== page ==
• How satisfied are you with:
    • the opportunity to collaborate with other faculty?
    • the amount of social interaction with members of your unit/department.
    • the level of intellectual stimulation in your day-to-day contacts with faculty colleagues.

Employee Recognition

  • How satisfied are you with the degree to which your professional developments have been recognized?
  • The head/director of my department praises my successes.
  • My colleagues would fail to notice, even if I did the best job possible.

Work-Life Balance (1)

  • To what extent do you agree that each of the following statements represent the philosophy or beliefs of the majority of the members of your department:
    • Individuals who take time off to attend to personal matters are not committed to their work.
    • It is assumed that the most productive employees are those who put their work before their family life.
    • The ideal faculty member is one who is available 24 hours a day.

Work-Life Balance (2)

  • After work, I come home too tired to do some of the things I would like to do.
  • On the job, I have so much work to do that it takes away from my personal interests.
  • My family/friends dislike how often I am preoccupied with my work while I am at home.
  • My work takes up time that I would like to spend with family/friends.
 

Items Used to Construct Other Climate Variables

Scale

Items

Job Satisfaction

  • All things considered, I am satisfied with my job.
  • I would recommend employment at TAMU to a colleague.

Departmental Inclusion

  • The climate for women is good in my department.
  • We have taken steps to enhance the climate for women in my department.
  • We have made an effort to recruit women faculty in my department.

Climate for Diversity

  • Leaders are committed to diversity in my department.
  • Diverse perspectives are valued in my department.
  • People from different backgrounds get along well in my department.
  • Leaders value everyone regardless of their backgrounds in my department.
  • Colleagues value everyone regardless of their backgrounds in my department.
 

Key Findings

The Evaluation Team found that female faculty members at TAMU had lower climate perceptions than male faculty members in the pre-ADVANCE period.  The coefficient on Female was negative and statistically significant at the 5-percent level for all of the factors except Employee Involvement and Employee Recognition.  Among the departments that would be treated by ADVANCE, female faculty members had lower average climate perceptions than male faculty members in 2013 with respect to Employee Growth and Development, Employee Involvement, Climate for Diversity, and Departmental Inclusion.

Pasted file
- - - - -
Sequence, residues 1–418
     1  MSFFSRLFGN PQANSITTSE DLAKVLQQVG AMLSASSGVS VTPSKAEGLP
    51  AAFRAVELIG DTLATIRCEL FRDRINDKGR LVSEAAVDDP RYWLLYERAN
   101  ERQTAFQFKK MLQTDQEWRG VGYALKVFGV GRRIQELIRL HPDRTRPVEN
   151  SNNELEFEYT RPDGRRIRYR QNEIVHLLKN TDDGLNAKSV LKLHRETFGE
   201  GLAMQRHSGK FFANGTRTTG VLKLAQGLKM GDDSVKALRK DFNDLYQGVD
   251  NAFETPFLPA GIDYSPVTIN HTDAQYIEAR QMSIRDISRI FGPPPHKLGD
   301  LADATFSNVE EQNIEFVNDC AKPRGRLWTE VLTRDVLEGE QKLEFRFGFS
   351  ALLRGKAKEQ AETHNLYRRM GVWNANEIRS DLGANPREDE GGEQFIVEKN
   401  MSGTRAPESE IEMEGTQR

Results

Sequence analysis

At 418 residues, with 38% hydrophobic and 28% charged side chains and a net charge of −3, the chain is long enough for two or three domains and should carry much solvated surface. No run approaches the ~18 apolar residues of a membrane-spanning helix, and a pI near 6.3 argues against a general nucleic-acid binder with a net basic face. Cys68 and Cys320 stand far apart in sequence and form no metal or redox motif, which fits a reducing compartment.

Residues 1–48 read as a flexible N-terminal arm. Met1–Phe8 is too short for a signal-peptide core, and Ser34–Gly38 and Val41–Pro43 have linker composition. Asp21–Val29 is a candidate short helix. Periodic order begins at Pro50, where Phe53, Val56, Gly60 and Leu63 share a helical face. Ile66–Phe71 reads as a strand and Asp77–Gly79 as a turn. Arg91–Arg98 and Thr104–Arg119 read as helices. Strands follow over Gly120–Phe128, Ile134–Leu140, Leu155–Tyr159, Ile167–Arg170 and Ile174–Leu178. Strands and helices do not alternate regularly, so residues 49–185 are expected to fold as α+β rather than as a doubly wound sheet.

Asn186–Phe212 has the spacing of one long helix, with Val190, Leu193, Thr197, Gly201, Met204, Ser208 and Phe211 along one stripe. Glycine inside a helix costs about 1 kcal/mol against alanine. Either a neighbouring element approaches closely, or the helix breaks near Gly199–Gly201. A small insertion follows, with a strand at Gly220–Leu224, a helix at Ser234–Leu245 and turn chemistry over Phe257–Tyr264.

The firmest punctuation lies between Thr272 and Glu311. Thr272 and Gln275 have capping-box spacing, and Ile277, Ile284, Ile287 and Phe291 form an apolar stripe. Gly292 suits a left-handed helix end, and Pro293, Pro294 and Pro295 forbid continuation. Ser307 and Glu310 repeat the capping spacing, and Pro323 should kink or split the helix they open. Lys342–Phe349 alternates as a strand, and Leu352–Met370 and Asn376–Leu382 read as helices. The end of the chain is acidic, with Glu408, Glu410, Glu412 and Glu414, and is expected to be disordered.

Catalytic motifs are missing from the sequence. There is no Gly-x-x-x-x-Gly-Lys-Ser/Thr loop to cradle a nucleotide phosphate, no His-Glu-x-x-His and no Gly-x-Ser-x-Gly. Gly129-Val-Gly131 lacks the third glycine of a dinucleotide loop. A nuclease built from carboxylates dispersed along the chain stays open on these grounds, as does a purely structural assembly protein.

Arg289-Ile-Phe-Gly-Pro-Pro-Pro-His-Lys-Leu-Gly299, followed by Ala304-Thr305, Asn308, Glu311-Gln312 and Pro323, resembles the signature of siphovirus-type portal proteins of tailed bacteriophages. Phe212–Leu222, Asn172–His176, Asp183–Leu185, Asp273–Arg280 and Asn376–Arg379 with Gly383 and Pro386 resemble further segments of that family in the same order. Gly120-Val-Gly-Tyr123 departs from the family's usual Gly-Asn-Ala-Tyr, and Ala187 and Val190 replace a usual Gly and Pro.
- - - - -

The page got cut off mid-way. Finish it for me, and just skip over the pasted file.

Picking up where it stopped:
There was little evidence of change in male perceptions of climate between 2013 and 2015 in treated departments. Males in treated and non-treated departments reported higher levels of job satisfaction in 2015 than in 2013. Males in non-treated departments also reported improvements in Employee Growth and Development and in Climate for Diversity. 

Female faculty members in non-treated departments reported higher job satisfaction in 2015 than in 2013.  However, female faculty members in treated departments  did not report increased levels of job satisfaction. Similar to their male counterparts, female faculty members in non-treated departments reported improvements in the Climate for Diversity between 2013 and 2015. In contrast, neither male nor female faculty members in treated departments reported any significant increase in this climate indicator.

Female faculty members in both treated and non-treated departments reported statistically significant declines in perceived departmental inclusion between 2013 and 2015. In contrast, male faculty members in both treated and non-treated departments reported no change in this climate indicator.

The key variables for the Difference-in-Difference analysis is the three-way interaction between the indicator for a treated department, the indicator for the POST period, and the indicator for female. Across the board, the three-way interaction was statistically insignificant, meaning that one cannot conclude that the difference between the sexes narrowed more in treated departments than it did in non-treated departments.  In short, the climate survey data does not sugest that ADVANCE changed the climate measures between 2013 and 2015.


 

Additional Information

Diversity Survey Menu.  This document includes survey items that are recommended by the ADVANCE Social Science Studies Team for inclusion on any TAMU Diversity survey. The team recommends that all diversity surveys contain at least one sclae from each of the overarching sections: Demographics, Climate Assessment, Inappropriate Behavior, and Outcomes. 

2013 Survey Response Rate

2013 Campus Climate Survey: Executive Summary Report

2013 Campus Climate Survey: Report on Climate

2013 Campus Climate Survey: Report on Job Satisfaction and Turnover Intentions

2015 Faculty Climate Survey Presentation.  This slide presentation explains the importance of the faculty climate survey and how units should use the results. Each college and department received data for their unit.